Tulip Poplar Wind Damage
Native to the moist, wind-sheltered woodlands across the eastern United States, tulip poplar (Liriodendron tulipifera) is often considered a weak-wooded tree. Trees are less sturdy and resilient when stressed by drought, insect pests or fungal diseases or when poorly anchored in soft, wet soils. While heavy snow or ice often causes large limbs to collapse, thunderstorm gusts can put extreme weight loads on poorly structured limbs, causing breakage or toppling the entire tree.
When the tulip poplar is young it grows with a cone-like structure. This arrangement naturally distributes branching and weight from foliage and wind more evenly: Larger and stronger branches are lower in the canopy and are supported by the trunk. As these trees mature, the form becomes more irregular and oval, with horizontal branching.
Wind Damage Susceptibility
Horticulturists with Iowa State University rate tulip poplar as an "intermediate" when it comes to susceptibility to storm damage. It's neither prone to wind damage nor resistant, though it becomes more prone to damage when improperly maintained or pruned poorly. The U.S. Forest Service comments that slender tulip poplar trees are often harmed, as are the top growth, called leaders, on trees. Keep in mind that any gust of wind wreaks havoc on trees when the physical strength of branches can't handle the stress.
- Native to the moist, wind-sheltered woodlands across the eastern United States, tulip poplar (Liriodendron tulipifera) is often considered a weak-wooded tree.
Depending on strength of storm winds, the damage sustained by a tulip poplar ranges from mere leaf and twig debris to broken limbs or snapping off of branches at their junction with the trunk. Cracking fractures occur in strong, twisting winds.
Iowa State University recommends any tree that sustains injury -- splitting or removal of more than one-third of the circumference of the bark -- are most likely best fully removed. When the top erect leader branch is broken on large trees, the later regrowth may compromise the structural integrity of the tree and lead to further damage in storms. Young trees tend to recover better when the leader is broken and good training in the form of pruning occurs to re-establish a well-structured tree. All wounds on a tulip poplar tree increase opportunities for pests and diseases to infiltrate the vascular tissues.
Large tulip poplars require equipment and resources supplied by professional arborists. On trees that are small enough for decent access by homeowners, Iowa State University suggests immediate pruning is warranted after wind damage happens. Make any repair pruning cuts as small and as clean as possible; do not use wound sealants or pruning paints. Pruning saws make cutting branches easier as long as the cutting teeth are sharp. Never cut branches flush to their point of attachment; instead maintain the swollen collar at the base of branches and cut into the stub. This creates a small, more circular wound as compared to an oval wound once the collar is compromised. The U.S. Forest Service states tulip poplars usually make excellent and fast regrowth recovery after windstorms, but repeated damage inevitably causes an irregular, unhealthy or poorly growing tree.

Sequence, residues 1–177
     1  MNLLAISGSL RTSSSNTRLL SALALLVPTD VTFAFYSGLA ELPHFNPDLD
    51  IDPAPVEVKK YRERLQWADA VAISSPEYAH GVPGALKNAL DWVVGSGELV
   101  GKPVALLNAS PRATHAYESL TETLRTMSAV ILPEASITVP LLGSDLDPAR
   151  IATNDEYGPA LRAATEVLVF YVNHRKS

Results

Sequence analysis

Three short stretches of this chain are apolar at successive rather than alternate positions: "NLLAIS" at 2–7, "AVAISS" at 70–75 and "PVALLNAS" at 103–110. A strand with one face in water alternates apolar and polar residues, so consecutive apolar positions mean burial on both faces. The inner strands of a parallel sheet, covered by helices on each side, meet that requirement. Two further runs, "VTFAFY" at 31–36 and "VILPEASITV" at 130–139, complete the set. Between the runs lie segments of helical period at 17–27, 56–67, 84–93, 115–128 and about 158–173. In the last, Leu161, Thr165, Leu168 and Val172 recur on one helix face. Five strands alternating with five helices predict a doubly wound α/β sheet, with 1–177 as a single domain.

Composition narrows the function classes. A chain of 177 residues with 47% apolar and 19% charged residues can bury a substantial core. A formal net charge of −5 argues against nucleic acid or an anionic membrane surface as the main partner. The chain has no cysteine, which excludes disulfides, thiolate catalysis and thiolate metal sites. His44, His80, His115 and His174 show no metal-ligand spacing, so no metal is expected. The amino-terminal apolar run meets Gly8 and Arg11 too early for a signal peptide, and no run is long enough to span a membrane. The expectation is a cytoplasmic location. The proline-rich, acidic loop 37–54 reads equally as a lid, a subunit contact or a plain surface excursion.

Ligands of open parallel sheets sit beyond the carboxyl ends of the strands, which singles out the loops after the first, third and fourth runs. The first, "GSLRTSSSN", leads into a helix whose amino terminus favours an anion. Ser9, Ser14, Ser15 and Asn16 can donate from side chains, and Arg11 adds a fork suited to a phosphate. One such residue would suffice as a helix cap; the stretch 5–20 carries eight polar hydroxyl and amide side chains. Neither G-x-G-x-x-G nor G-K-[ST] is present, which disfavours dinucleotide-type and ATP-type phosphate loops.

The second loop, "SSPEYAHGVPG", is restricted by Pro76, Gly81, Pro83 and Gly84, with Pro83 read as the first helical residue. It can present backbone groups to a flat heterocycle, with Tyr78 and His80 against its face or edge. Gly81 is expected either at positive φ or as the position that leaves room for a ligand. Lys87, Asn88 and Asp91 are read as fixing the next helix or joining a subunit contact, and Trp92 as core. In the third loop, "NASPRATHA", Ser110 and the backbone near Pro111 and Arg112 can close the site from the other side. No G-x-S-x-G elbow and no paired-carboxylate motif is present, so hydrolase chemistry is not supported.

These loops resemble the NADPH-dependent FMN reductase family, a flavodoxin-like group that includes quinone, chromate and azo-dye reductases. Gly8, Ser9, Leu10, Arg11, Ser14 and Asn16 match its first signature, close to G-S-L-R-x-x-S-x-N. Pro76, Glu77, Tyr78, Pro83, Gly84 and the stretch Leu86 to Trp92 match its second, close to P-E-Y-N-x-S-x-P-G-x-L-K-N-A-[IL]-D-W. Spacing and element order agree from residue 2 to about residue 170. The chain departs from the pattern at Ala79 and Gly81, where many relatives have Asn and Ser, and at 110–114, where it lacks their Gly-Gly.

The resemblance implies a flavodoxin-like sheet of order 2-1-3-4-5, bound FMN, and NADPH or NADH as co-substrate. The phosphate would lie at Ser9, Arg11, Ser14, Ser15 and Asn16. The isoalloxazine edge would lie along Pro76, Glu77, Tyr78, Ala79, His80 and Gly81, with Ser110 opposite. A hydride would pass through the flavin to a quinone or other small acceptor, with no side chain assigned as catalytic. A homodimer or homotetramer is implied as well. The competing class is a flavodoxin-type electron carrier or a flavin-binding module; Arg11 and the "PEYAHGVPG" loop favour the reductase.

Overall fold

- Depending on strength of storm winds, the damage sustained by a tulip poplar ranges from mere leaf and twig debris to broken limbs or snapping off of branches at their junction with the trunk.
- Young trees tend to recover better when the leader is broken and good training in the form of pruning occurs to re-establish a well-structured tree.
Pruning a tulip poplar when its younger than 15-to-20 years of age, creates a balanced branching structure. Begin pruning trees two-to-three years after planting them, according to Iowa State University. Small trees yield smaller pruning cut wounds and continue to grow branches that are the best positioned and angled as chosen by the gardener. A key concern is removing crossing, rubbing, inward-growing or diseased branches in the top of the young tree to ensure a perfectly shaped tree later in life, making it more resilient to winds.
Jacob J. Wright became a full-time writer in 2008, with articles appearing on various websites. He has worked professionally at gardens in Colorado, Florida, Minnesota, New York, North Carolina and Pennsylvania. Wright holds a graduate diploma in environmental horticulture from the University of Melbourne, Australia, and a Master of Science in public horticulture from the University of Delaware.